Network Appliance, a provider of storage and data management solutions, has joined the newly created Storage Networking Industry Association (SNIA) Green Storage Initiative, which is dedicated to advancing energy efficiency and conservation in all networked storage technologies in an effort to minimise the environmental impact of data storage operations.
With more than 15 storage vendors as members, the Initiative's scope of work will span all shared storage technologies, including disk and tape systems, server connectivity, storage appliances, fabrics and other storage network infrastructure, file services, and storage applications.
Activities will initially include the development of tutorials and educational material, white papers and best practices for energy-efficient data centre storage operations.
The Initiative will also act as the SNIA liaison to other allied organisations such as the Green Grid Consortium and the EPA to collaborate on the development of more environmentally friendly data centre solutions.
For its part, NetApp will contribute its knowledge, expertise and best practices for deploying leading-edge data management techniques to reduce data centre power consumption.
The NetApp technology approach to halting power growth is to provide solutions that reduce raw storage and improve storage utilisation to enable customers to do more with the storage systems already in their IT environments. This approach not only helps IT organisations achieve greater energy efficiency, but also lower infrastructure complexity and costs while enabling customers to better respond to new business demands.
In addition, NetApp is a member of the SNIA Green Technical Working Group, which is focused on the development of metrics to measure and test against the energy consumption of data centre storage.
NetApp involvement in various industry organisations and consortiums, including the Green Grid Consortium, demonstrates the company's commitment to helping customers implement real, achievable data management techniques to reduce power, space, and cooling in the data centre.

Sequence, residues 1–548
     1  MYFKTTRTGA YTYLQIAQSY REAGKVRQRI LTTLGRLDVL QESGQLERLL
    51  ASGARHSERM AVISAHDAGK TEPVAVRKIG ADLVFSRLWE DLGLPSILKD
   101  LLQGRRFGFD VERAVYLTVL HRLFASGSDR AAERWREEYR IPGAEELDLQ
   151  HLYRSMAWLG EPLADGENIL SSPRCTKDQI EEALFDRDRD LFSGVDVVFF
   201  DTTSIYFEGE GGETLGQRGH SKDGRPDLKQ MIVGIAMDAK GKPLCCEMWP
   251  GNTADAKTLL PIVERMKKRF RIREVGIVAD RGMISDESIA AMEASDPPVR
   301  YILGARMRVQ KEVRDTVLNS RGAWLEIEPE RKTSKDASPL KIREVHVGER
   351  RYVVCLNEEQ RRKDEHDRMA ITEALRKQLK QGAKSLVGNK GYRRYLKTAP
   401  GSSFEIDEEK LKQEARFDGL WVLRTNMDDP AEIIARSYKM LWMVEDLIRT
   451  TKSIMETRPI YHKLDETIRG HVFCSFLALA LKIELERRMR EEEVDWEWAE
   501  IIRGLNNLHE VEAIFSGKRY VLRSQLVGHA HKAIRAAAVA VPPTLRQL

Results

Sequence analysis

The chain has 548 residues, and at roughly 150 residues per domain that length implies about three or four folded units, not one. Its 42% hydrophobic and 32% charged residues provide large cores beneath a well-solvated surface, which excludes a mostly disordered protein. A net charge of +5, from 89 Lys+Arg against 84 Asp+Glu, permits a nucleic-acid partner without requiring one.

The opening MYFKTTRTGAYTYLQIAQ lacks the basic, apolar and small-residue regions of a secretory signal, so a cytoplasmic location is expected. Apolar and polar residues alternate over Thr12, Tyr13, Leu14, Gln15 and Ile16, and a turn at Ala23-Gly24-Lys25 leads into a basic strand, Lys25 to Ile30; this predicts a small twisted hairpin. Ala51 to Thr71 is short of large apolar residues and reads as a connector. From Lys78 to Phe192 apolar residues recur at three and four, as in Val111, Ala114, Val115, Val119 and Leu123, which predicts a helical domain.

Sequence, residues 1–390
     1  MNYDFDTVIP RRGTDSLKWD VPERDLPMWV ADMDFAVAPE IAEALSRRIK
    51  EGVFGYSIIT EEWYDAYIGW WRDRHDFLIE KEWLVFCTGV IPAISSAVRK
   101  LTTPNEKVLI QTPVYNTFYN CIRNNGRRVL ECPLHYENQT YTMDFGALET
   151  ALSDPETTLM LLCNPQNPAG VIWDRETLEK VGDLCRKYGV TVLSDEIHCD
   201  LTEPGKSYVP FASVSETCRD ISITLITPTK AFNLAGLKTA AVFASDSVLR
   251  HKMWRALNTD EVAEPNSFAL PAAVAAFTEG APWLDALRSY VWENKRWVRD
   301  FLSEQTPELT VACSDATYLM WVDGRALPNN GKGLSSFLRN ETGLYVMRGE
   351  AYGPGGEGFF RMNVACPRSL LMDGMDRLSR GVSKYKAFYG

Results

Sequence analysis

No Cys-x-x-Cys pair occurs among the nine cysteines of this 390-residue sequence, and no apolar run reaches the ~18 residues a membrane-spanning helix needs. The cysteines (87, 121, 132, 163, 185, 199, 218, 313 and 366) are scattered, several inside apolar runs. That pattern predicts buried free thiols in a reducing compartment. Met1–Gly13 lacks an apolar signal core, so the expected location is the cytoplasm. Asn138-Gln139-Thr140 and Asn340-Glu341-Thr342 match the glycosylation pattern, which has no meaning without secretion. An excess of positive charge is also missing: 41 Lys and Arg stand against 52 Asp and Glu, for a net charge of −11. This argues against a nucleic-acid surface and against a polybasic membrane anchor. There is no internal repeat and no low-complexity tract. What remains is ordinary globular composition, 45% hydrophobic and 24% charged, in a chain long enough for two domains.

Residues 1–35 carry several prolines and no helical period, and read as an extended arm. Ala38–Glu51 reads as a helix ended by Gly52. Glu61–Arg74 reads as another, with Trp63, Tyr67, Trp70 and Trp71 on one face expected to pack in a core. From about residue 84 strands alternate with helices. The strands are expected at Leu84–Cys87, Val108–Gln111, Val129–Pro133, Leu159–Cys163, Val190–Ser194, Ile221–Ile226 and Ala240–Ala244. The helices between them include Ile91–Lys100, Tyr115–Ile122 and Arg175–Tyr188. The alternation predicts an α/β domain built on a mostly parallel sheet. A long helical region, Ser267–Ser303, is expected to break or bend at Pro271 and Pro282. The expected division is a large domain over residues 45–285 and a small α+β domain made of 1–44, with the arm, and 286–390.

Storage industry collaboration and cooperation will be an important aspect of effectively addressing the growing issue of data centre power consumption.
NetApp has been involved in helping its customers achieve greater energy efficiency in their data centres.
Continued dialogue across the industry, as well as with government organisations such as the EPA, will play a vital role in developing best practices for improving energy efficiency that customers can put into action.
As noted in the recent EPA Report to Congress on Server and Data Centre Energy Efficiency, increased demand for and investment in critical business applications and functions, disaster recovery and applications for regulatory demands are driving the demand for large amounts of data storage in data centres.
The EPA notes that the number of installed enterprise hard disk drive storage devices is expected to nearly quadruple from 2004 to 2010.
To solve this thirst for more data, many enterprises simply add more storage equipment, leading to greater power, space, and cooling requirements in the data centre as well as severely underused capacity.
Improving storage utilisation and optimisation enables enterprises to attack power consumption at one of its major sources.
NetApp IT, for example, undertook a storage consolidation project to better utilise its storage capacity.
As a result, NetApp reduced its storage equipment and increased storage utilisation to an average of 60%, cutting its storage footprint by 75%, eliminating 94 tons of air conditioning, and reducing electricity costs by almost $60,000 a year.
The EPA recently recognised Network Appliance’s innovative use of distributed generation (DG) and a combined heat and power (CHP) system, stating that innovative uses of power are among the ways that data centre operators can reduce energy usage and costs.
Network Appliance is certainly trying to do its part in helping enterprises, vendors and government organisations understand how storage and data centre design can have a big impact on energy usage, as well as share best practices to replicate in data centres around the world to save energy and reduce power.